Leather information


The leather that is used for the Succes collection is a natural material. It is animal hide, mostly cow, which gives each individual product its own character. High quality leather adapts to it’s user, making the Succes products more beautiful and personal the longer they are used! And as can be said for many natural products, time brings out the best.




The leather Succes uses for its collection is purchased from tanners in Tuscany, Italy. This is where you will find the very best quality. Succes takes great care to ensure that these hides only come from animals raised in Europe. Again, quality is at stake since these animals have been properly fed and have suffered little injury from branding, mosquitoes or thorny shrubs. The animals have actually not been raised for their hides. Instead, the leather is a by-product of the meat industry.


Leather from various kinds of animals
Theoretically, you can produce leather from every kind of skin. The younger the animal, the finer the texture of its skin. Although Succes uses primarily cowhide and calfskin, we sometimes use sheepskin or goatskin. Pigskin, however, is usually too coarse in texture to use. Once, we even used real fish skin for a Succes Organizer!


The Excellence Collection regularly features materials that look like crocodile or snake, but these are actually imprinted cowhide or calfskin. And it goes without saying that Succes uses no skins from endangered species.


After cleaning the hides are tanned to make them more durable. The authentic tanning process uses special tanning substances to create leather - an almost imperishable product. Tanning also has a great effect on how the leather will look. Tanning substances can be classified into chrome salts and natural products. Chrome salts provide the strongest final results. If natural substances are used, the final result will have a livelier look while the process itself is less taxing on the environment. During the tanning process, the softness of the leather can be controlled by the use of special oils.


All leather is coloured with aniline dye. Leather can be dyed in various ways, each producing a different result. Leather can be dyed ‘through and through’ by turning it constantly in a dye vat. Nuances in colour originate because not all parts of the hide take on the same amount of dye. Any damage to the hide is then less visible.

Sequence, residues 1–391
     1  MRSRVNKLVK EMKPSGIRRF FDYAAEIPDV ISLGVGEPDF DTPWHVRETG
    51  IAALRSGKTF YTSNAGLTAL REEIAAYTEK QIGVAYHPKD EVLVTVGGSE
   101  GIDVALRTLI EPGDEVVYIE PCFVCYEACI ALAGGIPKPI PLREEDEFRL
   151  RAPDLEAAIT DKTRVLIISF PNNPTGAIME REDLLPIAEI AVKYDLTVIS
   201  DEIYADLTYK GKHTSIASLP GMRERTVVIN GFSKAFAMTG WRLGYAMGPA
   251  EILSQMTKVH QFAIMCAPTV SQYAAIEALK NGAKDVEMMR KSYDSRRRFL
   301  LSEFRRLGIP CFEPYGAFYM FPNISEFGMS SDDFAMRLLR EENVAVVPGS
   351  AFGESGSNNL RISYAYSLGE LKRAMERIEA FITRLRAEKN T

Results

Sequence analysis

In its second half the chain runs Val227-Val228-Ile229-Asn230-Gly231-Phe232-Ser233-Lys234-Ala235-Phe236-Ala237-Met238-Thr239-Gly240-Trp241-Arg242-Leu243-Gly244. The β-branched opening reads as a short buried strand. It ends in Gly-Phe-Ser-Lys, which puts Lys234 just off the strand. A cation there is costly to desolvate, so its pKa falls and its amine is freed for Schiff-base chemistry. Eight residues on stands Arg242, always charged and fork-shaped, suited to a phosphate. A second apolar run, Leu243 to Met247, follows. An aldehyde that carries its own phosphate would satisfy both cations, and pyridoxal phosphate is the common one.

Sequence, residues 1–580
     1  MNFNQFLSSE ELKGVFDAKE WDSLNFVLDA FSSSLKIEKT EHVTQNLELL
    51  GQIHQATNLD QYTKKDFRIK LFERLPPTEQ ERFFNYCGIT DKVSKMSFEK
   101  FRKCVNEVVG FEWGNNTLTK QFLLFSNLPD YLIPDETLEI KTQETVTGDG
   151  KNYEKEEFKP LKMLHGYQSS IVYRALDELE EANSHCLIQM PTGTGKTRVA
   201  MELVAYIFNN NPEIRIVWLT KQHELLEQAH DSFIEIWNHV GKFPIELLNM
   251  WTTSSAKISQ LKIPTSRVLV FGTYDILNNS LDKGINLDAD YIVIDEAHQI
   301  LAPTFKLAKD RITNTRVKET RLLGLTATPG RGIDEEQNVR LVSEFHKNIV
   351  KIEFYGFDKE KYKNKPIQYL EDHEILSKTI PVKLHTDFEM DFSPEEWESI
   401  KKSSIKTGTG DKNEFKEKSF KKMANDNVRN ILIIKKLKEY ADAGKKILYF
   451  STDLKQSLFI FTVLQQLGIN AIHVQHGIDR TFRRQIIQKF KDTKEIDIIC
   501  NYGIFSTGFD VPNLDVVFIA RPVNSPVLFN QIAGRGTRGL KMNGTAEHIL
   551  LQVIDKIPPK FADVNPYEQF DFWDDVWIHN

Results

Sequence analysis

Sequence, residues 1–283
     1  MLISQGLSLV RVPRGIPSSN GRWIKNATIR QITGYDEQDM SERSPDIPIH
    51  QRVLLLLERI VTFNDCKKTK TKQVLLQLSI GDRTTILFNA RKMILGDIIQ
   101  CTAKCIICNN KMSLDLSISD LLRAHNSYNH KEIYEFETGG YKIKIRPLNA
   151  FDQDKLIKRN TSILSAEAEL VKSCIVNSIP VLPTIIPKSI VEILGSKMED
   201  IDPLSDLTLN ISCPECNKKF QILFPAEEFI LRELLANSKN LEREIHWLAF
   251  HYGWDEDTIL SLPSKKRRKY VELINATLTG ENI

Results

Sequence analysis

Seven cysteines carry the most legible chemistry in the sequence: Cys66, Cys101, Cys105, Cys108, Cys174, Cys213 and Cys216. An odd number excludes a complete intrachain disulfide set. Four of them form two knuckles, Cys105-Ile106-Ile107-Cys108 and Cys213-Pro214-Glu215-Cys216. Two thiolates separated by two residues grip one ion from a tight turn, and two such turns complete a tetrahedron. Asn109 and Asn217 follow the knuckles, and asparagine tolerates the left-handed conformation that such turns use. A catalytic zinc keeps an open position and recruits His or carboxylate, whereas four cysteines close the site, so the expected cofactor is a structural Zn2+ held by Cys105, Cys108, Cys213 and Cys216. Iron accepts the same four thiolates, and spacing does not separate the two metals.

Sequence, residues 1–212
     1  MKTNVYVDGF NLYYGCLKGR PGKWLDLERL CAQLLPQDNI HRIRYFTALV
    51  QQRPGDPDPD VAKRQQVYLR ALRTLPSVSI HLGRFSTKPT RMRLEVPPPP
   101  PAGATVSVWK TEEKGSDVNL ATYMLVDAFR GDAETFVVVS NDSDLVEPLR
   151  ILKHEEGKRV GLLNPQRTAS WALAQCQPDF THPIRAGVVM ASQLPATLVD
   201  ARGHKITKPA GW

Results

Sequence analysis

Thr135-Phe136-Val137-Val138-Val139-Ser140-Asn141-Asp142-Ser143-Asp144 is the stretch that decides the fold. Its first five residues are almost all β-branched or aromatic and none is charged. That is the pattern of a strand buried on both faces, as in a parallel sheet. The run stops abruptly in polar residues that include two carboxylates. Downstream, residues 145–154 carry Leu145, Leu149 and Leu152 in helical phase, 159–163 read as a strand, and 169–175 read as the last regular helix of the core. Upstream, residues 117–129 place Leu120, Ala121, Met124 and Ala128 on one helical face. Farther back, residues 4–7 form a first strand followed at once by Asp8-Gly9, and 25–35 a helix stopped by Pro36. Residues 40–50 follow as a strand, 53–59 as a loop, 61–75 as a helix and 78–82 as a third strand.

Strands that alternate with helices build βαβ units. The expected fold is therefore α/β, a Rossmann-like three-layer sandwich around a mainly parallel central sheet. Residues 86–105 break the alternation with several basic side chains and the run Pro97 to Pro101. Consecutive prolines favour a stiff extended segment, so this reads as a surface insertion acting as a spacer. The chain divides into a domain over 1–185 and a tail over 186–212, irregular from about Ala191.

Patent leather is created by spraying the colour on the ‘through and through’ dyed leather. This paintlayer protects the leather against damaging by moisture, fat and perspiration and makes it really suitable for every day use.


A very natural-looking effect can be obtained by ‘stippling’ on the colour by hand. To do this, tufts of cotton are used to apply two different translucent dyes, one after another, to the leather. The result is a ‘duo tone’ or almost three-dimensional look. Applying the dye by hand also produces an irregular dye layer and enhances the natural look.


After dying the hides are dried, which causes them to harden. By means of mechanical kneading the leather retrieves its suppleness.


Full grain or split
Cowhide is 4 to 6 millimetres thick. This is too thick for leather goods such as organizers. For this reason, the leather is split into 3 layers, of which the lower is used for soles of shoes. The upper layer is called ‘full grain’ leather because the natural grain of the hide is visible. This layer is not only the most beautiful but also the strongest. In use, it simply becomes more and more beautiful.


The middle layer is called ‘split’ leather. After the splitting process, it looks like suede but is usually given an artificial coating and an imitation grain texture so at first sight it looks like full grain leather. Even so, it lacks the lively look of full grain leather and will tend to show signs of wear the longer it is used. For this reason, split leather is a good alternative for inexpensive leather goods.

The part of the hide

The amount of grain visible in the leather depends on what part of the hide is used. Smooth leather with little grain comes from the flank. Leather with a sporty look and lots of grain comes from the neck. This is also sometimes called ‘Avant Corpo’ leather. Since the animal is constantly moving its head while grazing, the skin develops the most creases and grain here.